This model is somewhat similar to SaltCalc. On the one hand the water management options are fewer (e.g. re-use of drainage or well water for irrigation do not feature here), but the model is more modern in the sense that the variable input for each time step is given in a table so that the calculations over all the time steps are done in one go. Moreover, by inserting the observed values of soil salinity in the data table, the model optimizes the leaching efficiency of the soil.

 
SahysMod
a combination of Saltmod with a model of ground water flow and hydraulics to account for large spatial variation through a network of polygons. It includes phreatic (unconfined) aquifers as well as soil layers with slow vertical hydraulic conductivity (soil permeability for water) resulting in semiconfined (leaky) aquifers.

 

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C) - Frequently asked questions

figure drainage design
Depth of the watertable and crop production, field data

 

    1a - What is waterlogging? (This is probably the most frequently asked question)                            
                    In agriculture, waterlogging means that the soil is considered too wet to cultivate crops profitably (except lowland rice).
Waterlogging can be stagnation of water on top of the soil surface and/or the presence of a high water table inside the soil (at a depth of say 0.7 m on average).
Surface waterlogging can be seen as a flood control problem or a surface drainage problem.
Subsurface waterlogging can be tackled by a subsurface drainage system.
As an alternative one may opt for another kind of land use.
More information can be found in an article on Drainage Criteria and in a paper on world wide cases of Drainage Systems.
See also Wikipedia (watertable control) or WaterWiki (land drainage)

1b - Why is soil drainage required for plant growth? (Also a very frequently asked question)                            
     Drainage is required when the soil is too wet (waterlogged) for optimium crop growth. Then, the soil needs to be made dryer by drainage.
There is a series of reasons why crop growth is hampered in waterlogged conditions.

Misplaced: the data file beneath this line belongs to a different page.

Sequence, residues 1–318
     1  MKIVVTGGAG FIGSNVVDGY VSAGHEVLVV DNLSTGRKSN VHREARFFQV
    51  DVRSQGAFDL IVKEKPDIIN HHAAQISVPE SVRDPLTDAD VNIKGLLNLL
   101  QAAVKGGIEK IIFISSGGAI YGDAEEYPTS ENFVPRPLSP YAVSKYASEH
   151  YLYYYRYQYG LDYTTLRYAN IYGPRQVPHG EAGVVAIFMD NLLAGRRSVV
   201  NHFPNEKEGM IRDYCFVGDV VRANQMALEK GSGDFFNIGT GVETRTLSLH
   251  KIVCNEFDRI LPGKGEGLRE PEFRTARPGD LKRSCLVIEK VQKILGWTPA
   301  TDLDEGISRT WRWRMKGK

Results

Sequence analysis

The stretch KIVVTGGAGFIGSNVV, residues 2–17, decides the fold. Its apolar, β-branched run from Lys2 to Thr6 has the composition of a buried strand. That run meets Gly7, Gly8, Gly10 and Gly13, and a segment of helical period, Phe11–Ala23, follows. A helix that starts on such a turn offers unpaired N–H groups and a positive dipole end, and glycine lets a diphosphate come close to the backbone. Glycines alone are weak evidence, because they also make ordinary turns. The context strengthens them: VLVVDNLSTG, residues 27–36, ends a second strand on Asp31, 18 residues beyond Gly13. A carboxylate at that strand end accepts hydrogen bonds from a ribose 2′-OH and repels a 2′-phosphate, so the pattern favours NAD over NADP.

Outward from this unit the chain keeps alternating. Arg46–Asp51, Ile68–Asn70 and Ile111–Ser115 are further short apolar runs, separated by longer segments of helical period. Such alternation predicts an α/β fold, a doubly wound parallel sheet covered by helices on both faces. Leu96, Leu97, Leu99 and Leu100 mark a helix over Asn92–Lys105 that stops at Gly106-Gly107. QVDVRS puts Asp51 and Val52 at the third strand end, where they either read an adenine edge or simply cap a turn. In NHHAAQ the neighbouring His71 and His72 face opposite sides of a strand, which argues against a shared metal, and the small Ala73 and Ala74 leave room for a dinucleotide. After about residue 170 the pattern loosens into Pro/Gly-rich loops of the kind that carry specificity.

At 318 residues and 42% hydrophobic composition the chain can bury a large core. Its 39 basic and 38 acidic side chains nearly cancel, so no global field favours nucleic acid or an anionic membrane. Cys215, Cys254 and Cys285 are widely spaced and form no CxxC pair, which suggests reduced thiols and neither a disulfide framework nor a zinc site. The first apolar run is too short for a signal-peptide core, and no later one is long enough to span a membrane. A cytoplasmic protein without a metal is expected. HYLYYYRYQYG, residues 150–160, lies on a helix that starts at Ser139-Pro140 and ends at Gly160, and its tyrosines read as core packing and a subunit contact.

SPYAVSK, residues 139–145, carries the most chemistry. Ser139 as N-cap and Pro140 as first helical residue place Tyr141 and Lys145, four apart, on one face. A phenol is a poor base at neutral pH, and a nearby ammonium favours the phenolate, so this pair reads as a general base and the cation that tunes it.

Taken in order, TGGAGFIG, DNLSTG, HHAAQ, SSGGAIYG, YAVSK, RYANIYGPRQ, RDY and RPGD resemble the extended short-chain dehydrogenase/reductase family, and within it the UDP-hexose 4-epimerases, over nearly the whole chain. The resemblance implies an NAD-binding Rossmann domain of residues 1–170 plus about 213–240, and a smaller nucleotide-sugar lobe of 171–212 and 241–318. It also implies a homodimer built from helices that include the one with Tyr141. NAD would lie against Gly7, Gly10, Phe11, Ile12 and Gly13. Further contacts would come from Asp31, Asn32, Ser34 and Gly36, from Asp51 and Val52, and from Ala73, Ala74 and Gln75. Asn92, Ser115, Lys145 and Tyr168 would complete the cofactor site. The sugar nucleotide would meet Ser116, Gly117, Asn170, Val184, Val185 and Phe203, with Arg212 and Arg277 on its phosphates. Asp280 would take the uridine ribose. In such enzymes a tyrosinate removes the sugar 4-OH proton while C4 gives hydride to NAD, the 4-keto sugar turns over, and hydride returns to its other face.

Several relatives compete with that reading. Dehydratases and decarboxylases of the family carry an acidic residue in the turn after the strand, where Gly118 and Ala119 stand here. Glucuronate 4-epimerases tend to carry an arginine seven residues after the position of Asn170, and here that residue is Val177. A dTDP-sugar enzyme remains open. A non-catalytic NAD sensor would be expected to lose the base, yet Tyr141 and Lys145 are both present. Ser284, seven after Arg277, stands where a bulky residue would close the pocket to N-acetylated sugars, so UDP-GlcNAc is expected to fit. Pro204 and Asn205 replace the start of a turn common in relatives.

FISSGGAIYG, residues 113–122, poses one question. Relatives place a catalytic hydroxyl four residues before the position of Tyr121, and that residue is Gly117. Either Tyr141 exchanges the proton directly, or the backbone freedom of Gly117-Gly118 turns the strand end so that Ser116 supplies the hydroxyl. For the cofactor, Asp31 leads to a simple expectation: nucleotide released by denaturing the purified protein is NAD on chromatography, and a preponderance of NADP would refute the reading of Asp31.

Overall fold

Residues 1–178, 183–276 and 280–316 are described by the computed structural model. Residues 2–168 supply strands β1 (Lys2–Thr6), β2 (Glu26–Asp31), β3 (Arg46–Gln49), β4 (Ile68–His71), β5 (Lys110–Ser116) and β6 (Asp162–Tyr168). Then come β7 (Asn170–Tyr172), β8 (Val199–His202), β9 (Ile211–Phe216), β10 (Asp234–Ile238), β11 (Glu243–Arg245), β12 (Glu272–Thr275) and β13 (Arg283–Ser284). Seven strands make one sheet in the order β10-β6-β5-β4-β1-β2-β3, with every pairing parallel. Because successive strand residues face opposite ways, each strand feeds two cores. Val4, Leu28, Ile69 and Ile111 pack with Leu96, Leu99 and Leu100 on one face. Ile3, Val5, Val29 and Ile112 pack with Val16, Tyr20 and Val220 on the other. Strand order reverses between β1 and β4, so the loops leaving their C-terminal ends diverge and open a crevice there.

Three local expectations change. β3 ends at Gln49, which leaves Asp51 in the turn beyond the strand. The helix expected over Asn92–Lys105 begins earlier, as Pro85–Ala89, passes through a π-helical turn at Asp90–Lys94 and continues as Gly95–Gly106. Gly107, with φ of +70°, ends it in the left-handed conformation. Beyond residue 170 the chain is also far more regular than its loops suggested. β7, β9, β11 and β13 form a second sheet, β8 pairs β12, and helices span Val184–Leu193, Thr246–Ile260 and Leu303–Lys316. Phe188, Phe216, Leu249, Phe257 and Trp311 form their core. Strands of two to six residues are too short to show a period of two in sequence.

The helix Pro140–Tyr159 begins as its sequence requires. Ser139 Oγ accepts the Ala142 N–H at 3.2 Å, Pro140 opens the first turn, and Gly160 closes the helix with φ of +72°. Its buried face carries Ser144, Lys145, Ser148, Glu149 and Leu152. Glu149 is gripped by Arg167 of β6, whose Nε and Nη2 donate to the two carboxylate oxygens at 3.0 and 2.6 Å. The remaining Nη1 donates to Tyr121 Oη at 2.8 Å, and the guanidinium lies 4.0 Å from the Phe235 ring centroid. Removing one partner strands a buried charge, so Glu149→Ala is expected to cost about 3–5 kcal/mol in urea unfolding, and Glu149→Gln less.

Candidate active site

The article on Agricultural Drainage criteria explains some of the mechanisms and gives examples of crop response to waterlogging and yield increase with drainage (chapter 17.4).
Other examples of crop responses to drainage can be found in: Drainage reseach in farmers' fields

2 - What kind of drainage systems are applicable under what conditions?

     It is difficult to give a generally valid answer to this question, but the paper on surface and subsurface drainage systems gives a summary of practical experiences with different methods under varying agro-climatologic conditions.

3 - How can I calculate drainage discharge needs and irrigation/leaching requirements for salinity control using water and salt balances without resorting to simulation models like SaltMod and SahysMod?

     It is difficult to give a generally valid answer to this question, but the paper on surface and subsurface drainage systems gives a summary of practical experiences with different methods under varying agro-climatologic conditions.

4 - What is the influence of land slope on the spacing of subsurface drains?

     The answer is: for drain spacing calculations the slope of the land has little influence. For this purpose, sloping lands may considered as if they were flat.
This is a paper with mathematical explanations

5 - How can hydraulic conductivity (permeability) of the soil be measured and determined?

     The measurement of hydraulic conductivity can be done in the laboratory or in the field, above or below the water table, using small scale (auger hole method, infiltration method) and large scale methods (e.g. using drainage data in existing experimental fields or in farm land).
A full description is given in the chapter "Measurement of hydraulic conductivity of soils".
See also the table of contents on line.
For well pumping tests to determine aquifer hydraulic properties see the WellDrain model (software page).

6 - Drain spacing equations for horizontal tile/pipe drains are well known. Can subsurface drainage also be done by (tube)wells and how can the required spacing be calculated?

     The calculation of well spacings for subsurface drainage can be done with the WellDrain program (see software page). The theory behind it is discussed in the paper Well spacing equations.
For well pumping tests to determine aquifer hydraulic properties see the WellDrain model (software page).

7 - What is the optimimum depth of the water table and how can we develop suitable drainage criteria to design a subsurface drainage system

     This is the lecture note on Agricultural Drainage criteria.
The table of contents can be seen on line.